(continued)

The earliest Streamline Modern marking known is the yellow woodgrain style paper label with red print. This label is frequently found in conjunction with the blue and white style number tag made of paper. These labels were placed on the backs or bottoms of the furniture.

The woodgrain label was replaced by the red and blue paper label, which used white print. The exact date the red and blue paper label was adopted is unknown; estimates range from 1939 to no later than 1942.

There were also special emblems placed inside the top drawers on some of the furniture designed by Leo Jiranek and Count Sakhnoffsky. These emblems were made from metal or plastic and displayed the designer's name.

Below are the Labels the
Heywood Wakefield Company would use.

HWtag-5.jpg (12124 bytes)

This cloth tag was used on upholstered furniture.

HWtag-2.jpg (15806 bytes)

The woodgrain label was used until the late 1930's.

HWtag-1.jpg (10025 bytes)

This label is usually seen with the woodgrain label.

HWtag-3.jpg (12180 bytes)

The red and blue label was used until the Heywood Wakefield eagle trademark was phased in, beginning in 1946.

 

HWtag-4.jpg (18805 bytes)

This paper label advertise the Dupont Dulux finish Heywood Wakefield used for many years.

From Country Store to Modern Furniture:
100 Years of Progress

   [Chatting Heywood - Wakefield - history] would not be such a difficult task, if the Company ... manufactured only the wood chairs that the five Heywood brothers began to fashion in a barn adjacent to their father's farm, in Gardner, Massachusetts, U.S.A., back in 1826. - From a 1951 speech by Richard N. Greenwood, former company president
    As noted by Richard N. Greenwood, the birth of Heywood-Wakefield "Modern" furniture traces its roots back more than a century to five Heywood brothers-Walter, Levi, Seth, Benjamin and William-who in 1826 began making wooden chairs in a small barn in Gardner, Massachusetts. At a time when John Quincy Adams was president of only 24 United States and the country's first railroad tracks were only just beginning to be laid, Walter Heywood began fashioning chairs largely by hand, with his only "machine" being a foot lathe. Walter was soon joined in the chairmaking enterprise by his brothers Levi and Benjamin, who began assisting in the work part-time while running a nearby country store. The brothers' chair business enjoyed quick prosperity and they soon built a new shop across the street from the store, which was disposed of around 1829.

    In 1831 Levi Heywood moved to Boston where he established an outlet store to sell the Heywood chairs, while Benjamin and younger brother William remained in Gardner to manufacture the products which gradually evolved from wood-seated to caneseated variations. In 1834 a fire destroyed the Heywood's chair shop (which was not rebuilt), prompting Levi's return to Gardner a year later. To continue chairmaking operations, in 1835 a definitive partnership-B. F. Heywood & Company was formed, initially comprised of Benjamin, Walter and William Heywood, along with Moses Wood and James W. Gates.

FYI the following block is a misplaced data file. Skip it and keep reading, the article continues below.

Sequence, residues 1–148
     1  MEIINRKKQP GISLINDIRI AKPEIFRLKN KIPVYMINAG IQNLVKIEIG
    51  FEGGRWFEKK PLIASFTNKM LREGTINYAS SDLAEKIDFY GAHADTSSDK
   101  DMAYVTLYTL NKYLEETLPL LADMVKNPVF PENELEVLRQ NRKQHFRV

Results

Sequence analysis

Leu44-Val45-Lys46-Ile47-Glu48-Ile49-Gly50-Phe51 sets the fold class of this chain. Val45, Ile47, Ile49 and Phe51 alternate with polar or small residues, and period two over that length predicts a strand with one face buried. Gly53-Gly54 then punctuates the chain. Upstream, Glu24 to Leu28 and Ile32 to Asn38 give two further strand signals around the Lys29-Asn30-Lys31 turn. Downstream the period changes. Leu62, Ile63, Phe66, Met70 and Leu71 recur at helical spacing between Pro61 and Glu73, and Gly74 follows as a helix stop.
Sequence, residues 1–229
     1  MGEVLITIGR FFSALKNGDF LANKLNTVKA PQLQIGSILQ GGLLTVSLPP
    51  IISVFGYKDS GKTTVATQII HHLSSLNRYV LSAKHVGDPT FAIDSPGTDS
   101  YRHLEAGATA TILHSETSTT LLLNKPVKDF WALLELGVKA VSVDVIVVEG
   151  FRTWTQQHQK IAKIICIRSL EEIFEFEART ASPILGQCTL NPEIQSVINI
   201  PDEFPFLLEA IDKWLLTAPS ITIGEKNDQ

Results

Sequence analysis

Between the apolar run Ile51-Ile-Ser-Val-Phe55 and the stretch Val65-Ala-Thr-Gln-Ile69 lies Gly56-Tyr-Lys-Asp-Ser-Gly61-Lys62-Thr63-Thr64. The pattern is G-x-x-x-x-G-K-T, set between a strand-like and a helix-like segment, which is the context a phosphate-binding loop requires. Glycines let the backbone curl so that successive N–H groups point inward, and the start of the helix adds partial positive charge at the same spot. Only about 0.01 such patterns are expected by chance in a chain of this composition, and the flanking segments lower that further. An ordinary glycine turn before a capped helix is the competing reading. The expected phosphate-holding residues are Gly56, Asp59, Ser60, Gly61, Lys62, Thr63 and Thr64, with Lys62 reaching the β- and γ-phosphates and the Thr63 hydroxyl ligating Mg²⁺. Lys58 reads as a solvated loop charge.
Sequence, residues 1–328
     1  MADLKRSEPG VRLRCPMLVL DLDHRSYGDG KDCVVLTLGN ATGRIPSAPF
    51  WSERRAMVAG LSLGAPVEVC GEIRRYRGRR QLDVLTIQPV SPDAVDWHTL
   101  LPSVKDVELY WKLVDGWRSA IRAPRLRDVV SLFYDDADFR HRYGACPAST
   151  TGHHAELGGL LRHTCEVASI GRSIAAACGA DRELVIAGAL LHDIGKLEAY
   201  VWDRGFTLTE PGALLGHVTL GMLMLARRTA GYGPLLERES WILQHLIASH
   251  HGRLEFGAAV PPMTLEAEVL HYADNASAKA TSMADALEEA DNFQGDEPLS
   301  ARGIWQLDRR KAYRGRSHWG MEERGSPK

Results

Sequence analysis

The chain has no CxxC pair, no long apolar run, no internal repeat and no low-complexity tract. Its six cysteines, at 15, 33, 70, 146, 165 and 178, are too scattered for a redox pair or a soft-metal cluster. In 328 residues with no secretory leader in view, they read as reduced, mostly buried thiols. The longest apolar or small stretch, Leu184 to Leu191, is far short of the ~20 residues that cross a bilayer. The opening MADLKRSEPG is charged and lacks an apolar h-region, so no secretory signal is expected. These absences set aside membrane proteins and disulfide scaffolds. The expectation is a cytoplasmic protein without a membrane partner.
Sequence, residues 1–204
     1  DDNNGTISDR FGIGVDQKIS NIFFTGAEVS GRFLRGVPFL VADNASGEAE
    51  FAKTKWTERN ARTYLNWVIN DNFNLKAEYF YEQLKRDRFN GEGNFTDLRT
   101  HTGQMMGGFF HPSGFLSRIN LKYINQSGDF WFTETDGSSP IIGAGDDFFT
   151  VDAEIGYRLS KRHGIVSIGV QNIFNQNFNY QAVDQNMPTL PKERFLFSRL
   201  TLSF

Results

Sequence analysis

Upon his return to Gardner, Levi Heywood again became involved in the chair-making business. And it was Levi Heywood, the oldest of the brothers (and the one who would later achieve fame as an inventor and a patentee of chair-making machinery that revolutionized production), along with younger brother Seth and their descendants, who became the predominant figures in the development of the company in the 19th century. In 1835 Levi Heywood guided the company's move to the shores of Crystal Lake in Gardner (where a company factory would remain until the business closed its doors for good more than 140 years later). The fledgling chair-making enterprise purchased a lake-side building equipped for wood-turning and in the process gained its first "real" machinery-turning lathes and a circular saw. Initially an outlet from Crystal Lake provided the company with plenty of power, but eventually the currents of Crystal Lake proved inadequate to drive Heywood's machines and in succeeding years Levi replaced the plant's water power with steam.

    Levi's insistence on the installation of new machinery dismayed his early partners, who gradually withdrew from the chair-making concern and for a period left Levi the sole Heywood owner. By 1844 a second partnership-Heywood & Woodhad been formed, with Levi and Moses Wood the apparent principal partners. By 1849 Wood's name had disappeared from the company's title-Levi Heywood & Company and in 1851 a new name, Heywood Chair Manufacturing Company, was adopted during the formation of what amounted to a joint stock association.

Below are a pictures of the
Heywood Wakefield Brothers
   

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Levi Heywood

walt_heywood.jpg (10868 bytes)

Walter Heywood

seth_heywood.jpg (8015 bytes)

Seth Heywood

will_heywood.jpg (11157 bytes)

William Heywood

Four of the five Heywood Brothers.

No known photograph of Benjamin E. Heywood exist. Family tradition had it that he was an extremely homely man, and would never agree to have his picture taken.